Christmas — the season of loneliness for some

Christmas — the season of loneliness for some

Sunday, December 29, 2019

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Christmas is known as the season for family and fun. However, three non-Jamaican medical students at The University of the West Indies shared in an interview with the Jamaica Observer's intern Denae Barrett last Wednesday how they felt being away from home during this festive season.

Each student shared their past and present Christmas experiences and expressed their thoughts about living on campus. Here are their stories:

Kiran Gopal, 21, India:

“I never celebrated Christmas when I was in India. The first time I did was in 2016 when I lived in St Lucia. I got really close to a Trinidadian family that lived upstairs and they would always invite me to special occasions. When it was Christmas we had dinner and ate cake and stuff like that. In St Lucia people would go to different family members' homes to talk and eat food. It was a really good experience.

“I've been in Jamaica for three months now and it's very nice here. On Christmas Eve my room-mates and I cooked and had a little feast. I wanted to go out this Christmas but my friends told me to be careful if I do.”

Kiran then expressed his concern for his safety while on the university's campus, due to countless robberies which occurred since September.

Paulbert Sammy, 27, St Lucia:

“Back home in St Lucia, when I was younger I would spend Christmas with my family going from house to house. I would go to my friends' and neighbours' houses to eat food and drink their wine and when I'm well fed, I go home. But these days people have become a little selfish I think, so I just stay home and eat my own food.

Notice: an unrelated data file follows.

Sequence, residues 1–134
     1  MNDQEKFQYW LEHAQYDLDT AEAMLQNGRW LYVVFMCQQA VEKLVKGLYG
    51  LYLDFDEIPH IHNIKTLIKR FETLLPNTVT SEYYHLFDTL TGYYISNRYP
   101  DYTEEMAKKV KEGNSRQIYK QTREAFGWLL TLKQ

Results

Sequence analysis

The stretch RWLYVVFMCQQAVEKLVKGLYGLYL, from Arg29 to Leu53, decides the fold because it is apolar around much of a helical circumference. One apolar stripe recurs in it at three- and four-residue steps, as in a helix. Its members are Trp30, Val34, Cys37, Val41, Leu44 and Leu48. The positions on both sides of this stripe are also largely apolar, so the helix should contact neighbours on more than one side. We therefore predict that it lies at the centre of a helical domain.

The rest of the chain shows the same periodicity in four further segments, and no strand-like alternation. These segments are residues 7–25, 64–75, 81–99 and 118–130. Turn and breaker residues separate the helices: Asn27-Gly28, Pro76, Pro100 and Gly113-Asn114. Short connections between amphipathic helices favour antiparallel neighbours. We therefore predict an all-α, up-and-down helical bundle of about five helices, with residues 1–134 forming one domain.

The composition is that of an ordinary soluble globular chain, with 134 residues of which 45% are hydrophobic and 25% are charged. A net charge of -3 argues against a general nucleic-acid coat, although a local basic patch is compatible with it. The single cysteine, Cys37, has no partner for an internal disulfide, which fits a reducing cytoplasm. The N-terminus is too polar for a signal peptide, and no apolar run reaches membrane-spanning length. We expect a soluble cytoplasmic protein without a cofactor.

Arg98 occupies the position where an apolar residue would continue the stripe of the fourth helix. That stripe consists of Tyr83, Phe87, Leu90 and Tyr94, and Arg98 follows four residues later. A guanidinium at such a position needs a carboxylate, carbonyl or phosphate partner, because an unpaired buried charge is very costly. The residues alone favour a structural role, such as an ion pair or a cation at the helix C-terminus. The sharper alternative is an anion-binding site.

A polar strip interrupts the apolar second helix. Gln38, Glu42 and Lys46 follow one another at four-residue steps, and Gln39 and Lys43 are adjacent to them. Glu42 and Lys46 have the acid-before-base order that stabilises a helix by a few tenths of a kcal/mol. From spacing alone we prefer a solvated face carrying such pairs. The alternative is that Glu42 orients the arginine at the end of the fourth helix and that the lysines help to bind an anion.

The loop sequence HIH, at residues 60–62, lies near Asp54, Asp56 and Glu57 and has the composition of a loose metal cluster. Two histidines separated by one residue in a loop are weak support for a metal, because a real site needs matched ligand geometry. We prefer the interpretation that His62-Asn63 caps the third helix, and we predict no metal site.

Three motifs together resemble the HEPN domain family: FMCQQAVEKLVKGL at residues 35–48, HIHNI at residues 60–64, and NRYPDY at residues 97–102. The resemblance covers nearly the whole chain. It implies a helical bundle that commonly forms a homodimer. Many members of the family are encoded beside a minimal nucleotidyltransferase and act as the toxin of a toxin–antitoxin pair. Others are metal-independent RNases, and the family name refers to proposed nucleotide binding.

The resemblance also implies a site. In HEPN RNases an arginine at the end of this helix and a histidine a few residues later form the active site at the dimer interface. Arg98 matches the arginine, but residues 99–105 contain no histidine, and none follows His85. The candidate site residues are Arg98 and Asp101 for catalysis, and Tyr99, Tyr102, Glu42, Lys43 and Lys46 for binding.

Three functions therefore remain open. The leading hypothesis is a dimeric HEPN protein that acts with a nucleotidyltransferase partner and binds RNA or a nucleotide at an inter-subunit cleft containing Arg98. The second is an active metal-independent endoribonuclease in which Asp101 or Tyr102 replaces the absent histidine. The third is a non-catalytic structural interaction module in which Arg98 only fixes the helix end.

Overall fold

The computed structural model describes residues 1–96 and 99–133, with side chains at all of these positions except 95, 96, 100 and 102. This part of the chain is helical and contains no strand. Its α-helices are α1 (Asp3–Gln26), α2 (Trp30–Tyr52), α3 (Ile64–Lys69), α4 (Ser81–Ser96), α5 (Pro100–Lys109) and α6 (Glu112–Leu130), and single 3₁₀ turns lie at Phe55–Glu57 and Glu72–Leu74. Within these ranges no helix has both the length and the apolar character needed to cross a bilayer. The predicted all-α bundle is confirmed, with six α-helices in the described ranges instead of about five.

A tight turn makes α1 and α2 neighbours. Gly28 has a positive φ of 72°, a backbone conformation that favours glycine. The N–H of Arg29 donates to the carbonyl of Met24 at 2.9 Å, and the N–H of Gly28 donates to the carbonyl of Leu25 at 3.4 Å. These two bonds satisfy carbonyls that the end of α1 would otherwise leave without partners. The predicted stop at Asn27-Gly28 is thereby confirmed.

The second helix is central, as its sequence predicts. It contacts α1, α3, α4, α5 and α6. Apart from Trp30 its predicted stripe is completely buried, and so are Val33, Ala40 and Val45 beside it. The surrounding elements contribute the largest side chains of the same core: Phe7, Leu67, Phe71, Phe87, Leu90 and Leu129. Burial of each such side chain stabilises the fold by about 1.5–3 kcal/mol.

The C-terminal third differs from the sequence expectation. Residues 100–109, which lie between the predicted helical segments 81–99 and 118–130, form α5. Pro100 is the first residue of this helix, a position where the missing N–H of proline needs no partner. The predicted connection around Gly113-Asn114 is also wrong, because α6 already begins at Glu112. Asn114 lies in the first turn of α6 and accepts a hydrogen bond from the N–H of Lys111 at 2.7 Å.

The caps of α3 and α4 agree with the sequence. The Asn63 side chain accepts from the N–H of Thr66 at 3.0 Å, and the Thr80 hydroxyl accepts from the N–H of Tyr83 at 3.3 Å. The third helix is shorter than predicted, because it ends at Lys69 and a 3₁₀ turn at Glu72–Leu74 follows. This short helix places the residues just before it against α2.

“If I was home I would have a list of chores to complete. Even though I'm not in St Lucia, I can tell you exactly what my parents are doing right now. My dad and uncle would be killing pigs and would later make Indian dishes like dhal curry and dhalpuri roti.

“I've travelled a bit and so I can appreciate a place for what it is, and Jamaica reminds me of home, especially in the country areas. Jamaica is nice except for one little thing... the security issues. I mean no place is safe but bwoy, Jamaica ain't playing!”

Akil Kingselin, 22, India:

“In India, Christmas was more like a reunion. My family would get together and go to church in the early morning, and later we would cook together, eat lunch and enjoy conversation. In the nights there would be a cake-cutting by the Christmas tree or sometimes we'd just go to the beach. Now that I'm in Jamaica I'm trying to experience Christmas similarly. I plan to continue the tradition of drinking wine and baking cake.

“This Christmas I attended a service at the University chapel and then attended a Christmas lunch on my hall. I plan to spend the rest of the Christmas hanging out with friends and cooking together.

“My first Christmas away from my family was really bad but this one is my fourth, so I've got used to it. But friends are still family, so it's just a different experience. Jamaica has been good so far but the campus has major safety issues.”

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